As a teacher, I have given very few tests over the past 15 years. My classes were project/inquiry based with a minimal amount of lecturing. Final grades were a combination of student/teacher input in senior classes while any middle years classes used a totally different approach to reporting on outcomes. This was not unusual for many teachers I have known who began to shift and integrate technology in the classroom, adopting
As an administrator, providing teachers with the necessary supports so they could transition from the traditional system was important because my own transition was supported through my own PD and learning. In the past 10 years I have worked in two schools were there were no letter/percentage grades in the K – 8. In grades 9 – 12 percentages were still provided at the end of the semester as they are required but assessment and reporting practices shifted to adopt continuous feedback throughout the learning experience. Project Based Learning and Inquiry were used by many teachers with formative assessment being provided on a continuous basis. Rubrics and feedback were used in all grades as was the use of digital portfolios. But assessment was not the focus – learning was.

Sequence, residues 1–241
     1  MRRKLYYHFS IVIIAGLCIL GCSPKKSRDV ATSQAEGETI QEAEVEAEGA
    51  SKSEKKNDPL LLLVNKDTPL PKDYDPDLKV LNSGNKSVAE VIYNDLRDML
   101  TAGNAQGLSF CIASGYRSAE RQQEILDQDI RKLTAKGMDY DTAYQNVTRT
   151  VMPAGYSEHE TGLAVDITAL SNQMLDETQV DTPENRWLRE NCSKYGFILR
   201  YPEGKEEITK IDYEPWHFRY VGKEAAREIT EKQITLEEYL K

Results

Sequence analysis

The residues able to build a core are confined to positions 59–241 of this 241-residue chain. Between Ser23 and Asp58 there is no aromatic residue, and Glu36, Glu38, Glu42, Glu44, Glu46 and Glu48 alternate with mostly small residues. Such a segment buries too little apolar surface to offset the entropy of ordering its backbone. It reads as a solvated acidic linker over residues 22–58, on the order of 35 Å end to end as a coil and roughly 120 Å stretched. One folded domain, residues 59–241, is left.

The Future Has Arrived
For many teachers I work with, the shift away from traditional assessment began years ago. Students and parents have access to online information about student progress, online portfolios are shared with parents with regular updates of student work – they are developing a Portfolio Lifestyle as outlined by Jeff Goin – discussions about learning focus on growth and development not on grades. Student Led Conferences and Celebrations of Learning are opportunities for students to share their learning. Conversations revolve around improvement, learning from mistakes, support and growth. Marks are only discussed because of the need to provide them for reporting in grades 9 – 12. Formative assessment is part of every classroom with teachers using various tools to develop and improve the feedback and discussion that they are having with students.
This isn’t something to look forward to because it’s already been done – across whole divisions – successfully. The grading practices have shifted from the “test for mark” system to continuous feedback where formative assessment is incorporated into the planning, continuous access to growth is provided parents through online portals and portfolios, and testing is not the norm. Granted it’s not everywhere but it isn’t just a few random teachers who are trying to make change – it’s what all teachers are expected.
In making this shift, the discussion about education needed to change. Trying to convince people to change their worldview about grades and grading is very hard if that is where you begin the discussion.
Reward Risk-taking Not Failure